Christina Manian is a 2022 MENV graduate from the Sustainable Food Systems specialization. She currently works as a registered dietitian and freelance food and nutrition writer for groups like Real Simple, Taste of Home, Climbing Magazine, Well and Good, Nutrition Business Journal, Dignity Health, Vitamix, Barton Associates' "Clinician1" and "Clinician Today", and just published her first piece for Better Home and Gardens! In this article, Christina tells us about her background, current work, and shares her advice for current and future students.
What is your academic and professional background?
I have my undergraduate degree in Dietetics from Boston University and did my dietetic internship at the Mayo Clinic. After my internship, I worked in the Intensive Care Unit at the University of Minnesota Medical Center for four years. I rotated through the neuro, medical, cardiac, and surgical ICU where I served as the dietitian for a year. When I moved to Boulder, I started working at a private practice focusing on wellness nutrition and began to teach cooking classes on the side. And from my time in Minnesota until now, I've been freelance writing for groups like Taste of Home, Vitamix, and different clinical-based publications.
Where do you work and how would you describe your role?
I work at about five different places! While I still work at the private practice and teach cooking classes, my primary job is freelance writing, so I work for myself. The majority of my writing is for Well and Good, and Real Simple, and I just started writing for Better Home and Gardens. I've also written for Nutrition Business Journal and done some copywriting for companies like Traditional Medicinals. Most of the writing I do is nutrition-based, and from time to time, I write about sustainability in the food space.
How did you find your current position? Could you speak about your job search process and how it went?
When I moved to Boulder I found this private practice and cold-called the owner. At first, it didn't work out. After about six months, I reached out to the owner again to see if things had changed, and they had so I started working with her. Regarding the cooking classes, I found a job posting, applied, and got the position.
In regards to my freelance writing...I've been writing for a long time and got into that with a high school friend who worked at a content creation company. He asked if I wanted to start writing, which I did! I had a pretty deep writing portfolio. when I graduated from MENV and I knew I wanted to focus my career moving forward on writing. An MENV connection put me in touch with the editors I work with now, and they connected me with other editors. Those network connections are really how it started to spiral to where I am today!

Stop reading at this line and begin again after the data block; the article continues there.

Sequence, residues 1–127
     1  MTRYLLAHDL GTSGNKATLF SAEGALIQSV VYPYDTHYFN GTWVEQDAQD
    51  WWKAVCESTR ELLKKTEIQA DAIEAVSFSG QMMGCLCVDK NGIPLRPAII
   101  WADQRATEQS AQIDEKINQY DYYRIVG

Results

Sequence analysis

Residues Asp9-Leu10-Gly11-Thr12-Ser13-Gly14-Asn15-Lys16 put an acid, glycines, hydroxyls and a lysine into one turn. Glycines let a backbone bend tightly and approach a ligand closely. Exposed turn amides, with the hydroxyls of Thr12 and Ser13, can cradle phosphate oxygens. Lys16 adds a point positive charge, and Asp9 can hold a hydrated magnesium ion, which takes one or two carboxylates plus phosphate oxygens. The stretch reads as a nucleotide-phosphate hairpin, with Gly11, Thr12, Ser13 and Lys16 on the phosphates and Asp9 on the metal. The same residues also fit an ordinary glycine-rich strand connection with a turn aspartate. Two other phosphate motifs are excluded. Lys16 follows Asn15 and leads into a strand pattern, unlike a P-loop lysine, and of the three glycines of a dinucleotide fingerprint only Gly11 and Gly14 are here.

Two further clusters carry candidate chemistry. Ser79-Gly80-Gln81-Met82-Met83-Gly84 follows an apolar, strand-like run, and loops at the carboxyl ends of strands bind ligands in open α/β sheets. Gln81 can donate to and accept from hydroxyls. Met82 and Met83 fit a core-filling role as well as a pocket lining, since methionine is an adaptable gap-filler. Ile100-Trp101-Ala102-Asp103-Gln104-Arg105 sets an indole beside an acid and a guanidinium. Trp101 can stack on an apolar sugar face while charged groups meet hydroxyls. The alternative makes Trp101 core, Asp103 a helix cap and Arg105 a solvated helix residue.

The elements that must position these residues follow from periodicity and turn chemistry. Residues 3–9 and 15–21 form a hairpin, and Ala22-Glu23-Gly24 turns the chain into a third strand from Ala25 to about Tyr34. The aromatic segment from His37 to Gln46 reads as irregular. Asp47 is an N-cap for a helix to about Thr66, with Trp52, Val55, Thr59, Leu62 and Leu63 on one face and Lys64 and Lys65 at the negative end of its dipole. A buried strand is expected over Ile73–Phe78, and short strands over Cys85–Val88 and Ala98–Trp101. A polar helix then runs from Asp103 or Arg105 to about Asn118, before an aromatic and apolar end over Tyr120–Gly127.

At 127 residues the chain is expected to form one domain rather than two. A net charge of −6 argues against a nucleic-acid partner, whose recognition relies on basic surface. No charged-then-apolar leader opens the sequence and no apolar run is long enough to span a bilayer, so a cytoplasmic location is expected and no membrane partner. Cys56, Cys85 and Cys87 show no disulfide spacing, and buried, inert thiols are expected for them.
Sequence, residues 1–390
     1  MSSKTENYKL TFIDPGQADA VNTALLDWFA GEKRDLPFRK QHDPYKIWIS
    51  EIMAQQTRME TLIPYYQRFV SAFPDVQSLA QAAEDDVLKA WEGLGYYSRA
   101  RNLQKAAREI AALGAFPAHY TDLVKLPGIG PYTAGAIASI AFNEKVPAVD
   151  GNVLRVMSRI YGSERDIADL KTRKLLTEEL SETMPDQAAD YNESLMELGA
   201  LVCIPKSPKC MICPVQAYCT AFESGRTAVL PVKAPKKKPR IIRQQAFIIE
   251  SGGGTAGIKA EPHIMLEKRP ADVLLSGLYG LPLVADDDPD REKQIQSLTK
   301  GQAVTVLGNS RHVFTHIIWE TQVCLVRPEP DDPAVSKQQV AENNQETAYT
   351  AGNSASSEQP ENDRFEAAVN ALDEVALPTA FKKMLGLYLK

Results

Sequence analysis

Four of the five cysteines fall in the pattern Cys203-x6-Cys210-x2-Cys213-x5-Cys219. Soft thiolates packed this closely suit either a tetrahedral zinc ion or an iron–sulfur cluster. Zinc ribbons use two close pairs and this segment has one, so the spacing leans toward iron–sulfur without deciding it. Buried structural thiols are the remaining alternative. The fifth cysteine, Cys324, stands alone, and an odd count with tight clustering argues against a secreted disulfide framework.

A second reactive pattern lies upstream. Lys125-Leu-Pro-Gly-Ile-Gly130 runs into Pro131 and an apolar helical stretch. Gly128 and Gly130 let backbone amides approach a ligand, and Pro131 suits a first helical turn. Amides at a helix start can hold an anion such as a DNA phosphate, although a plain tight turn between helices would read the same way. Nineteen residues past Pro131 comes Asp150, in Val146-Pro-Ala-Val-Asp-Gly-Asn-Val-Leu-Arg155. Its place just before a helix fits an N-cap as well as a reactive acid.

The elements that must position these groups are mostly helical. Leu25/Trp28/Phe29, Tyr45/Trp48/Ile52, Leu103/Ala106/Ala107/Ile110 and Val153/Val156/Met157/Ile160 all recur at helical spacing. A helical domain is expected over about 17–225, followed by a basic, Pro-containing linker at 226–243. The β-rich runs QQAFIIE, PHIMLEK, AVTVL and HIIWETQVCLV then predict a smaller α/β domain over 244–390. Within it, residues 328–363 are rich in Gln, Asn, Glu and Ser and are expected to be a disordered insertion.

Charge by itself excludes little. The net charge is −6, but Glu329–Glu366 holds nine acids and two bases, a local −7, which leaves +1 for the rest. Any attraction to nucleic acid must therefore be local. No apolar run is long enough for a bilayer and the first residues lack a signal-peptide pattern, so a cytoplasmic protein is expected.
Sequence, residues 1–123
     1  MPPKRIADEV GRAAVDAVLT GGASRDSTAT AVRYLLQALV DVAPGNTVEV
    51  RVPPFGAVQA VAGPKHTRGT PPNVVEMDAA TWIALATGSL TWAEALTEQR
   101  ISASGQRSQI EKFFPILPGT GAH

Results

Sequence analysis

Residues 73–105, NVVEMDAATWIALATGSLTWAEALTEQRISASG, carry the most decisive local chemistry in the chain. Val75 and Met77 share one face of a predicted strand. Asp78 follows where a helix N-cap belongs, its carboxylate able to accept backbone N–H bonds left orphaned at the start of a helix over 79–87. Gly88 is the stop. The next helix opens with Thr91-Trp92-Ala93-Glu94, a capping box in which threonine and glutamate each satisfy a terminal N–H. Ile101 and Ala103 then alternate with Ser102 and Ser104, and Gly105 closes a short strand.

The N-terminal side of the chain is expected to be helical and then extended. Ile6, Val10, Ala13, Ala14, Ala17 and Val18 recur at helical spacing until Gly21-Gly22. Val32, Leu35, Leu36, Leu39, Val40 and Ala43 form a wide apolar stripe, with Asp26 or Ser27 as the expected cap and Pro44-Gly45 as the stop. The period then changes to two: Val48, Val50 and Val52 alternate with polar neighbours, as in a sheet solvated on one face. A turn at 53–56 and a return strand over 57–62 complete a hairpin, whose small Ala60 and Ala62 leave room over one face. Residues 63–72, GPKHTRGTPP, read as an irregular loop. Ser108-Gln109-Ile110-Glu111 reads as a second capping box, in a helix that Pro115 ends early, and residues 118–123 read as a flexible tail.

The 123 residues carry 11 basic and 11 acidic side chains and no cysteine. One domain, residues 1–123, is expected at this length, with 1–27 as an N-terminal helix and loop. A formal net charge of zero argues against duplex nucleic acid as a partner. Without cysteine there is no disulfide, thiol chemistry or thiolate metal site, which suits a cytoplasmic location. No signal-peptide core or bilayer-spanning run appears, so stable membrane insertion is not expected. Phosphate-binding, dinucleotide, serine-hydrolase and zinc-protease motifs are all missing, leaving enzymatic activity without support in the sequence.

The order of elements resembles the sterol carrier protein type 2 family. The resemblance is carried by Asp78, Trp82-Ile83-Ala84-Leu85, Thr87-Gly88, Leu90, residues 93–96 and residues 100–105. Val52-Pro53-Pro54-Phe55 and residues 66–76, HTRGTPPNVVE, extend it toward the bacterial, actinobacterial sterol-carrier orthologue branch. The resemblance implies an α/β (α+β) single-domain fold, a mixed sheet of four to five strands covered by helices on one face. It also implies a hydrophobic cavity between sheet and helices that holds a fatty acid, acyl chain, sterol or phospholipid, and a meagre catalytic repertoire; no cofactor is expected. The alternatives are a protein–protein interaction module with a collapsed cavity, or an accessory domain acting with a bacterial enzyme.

Were there any hard or soft skills you felt you lacked or wished you were stronger in when you started your career after graduate school? (i.e. negotiation skills, a certain certification, leadership skills, etc.)?
Honestly, no (ha!). I'm more informed from a sustainability perspective because of the program. That knowledge, along with the knowledge I had before MENV, set me up well. Since graduation, I've been really working with writing tones and what elements affect my writing (audience, mood, etc). Because nutrition-based writing is so information-driven, I can write about the science and not worry too much about being witty. That's the biggest skill I've had to flex is being more creative to make sure I engage my audiences.
What is something people may not know about you?
I'm really into horses and work as an equine bodyworker, which has been a really fun world to learn more about. For those unfamiliar, human body work include practices like massage, chiropractic, cranial sacral work, and acupuncture. Essentially things you do to engage in self-care at the body level. Every human body work modality you can think of also exists for horses. I focus primarily on massage, craniosacral work, and energy work. You can really go down many rabbit holes, and I plan to keep learning more!
What advice would you give to current and/or future MENV students?
As early as possible, really try to focus on what a real existing career is that you want to do and use the program to support you in getting that job. I (and folks I knew in the program) didn't start to think about it until it was too late or during a stressful time. If you can think about that before it's stressful, that's ideal. I know all the professors and staff tell you to start early but you can also say, "whatever!" and kick that can down the road. It's wise to think about it earlier to save yourself from getting stressed, which is always a good thing for our overall health (even though I didn’t do that, ha).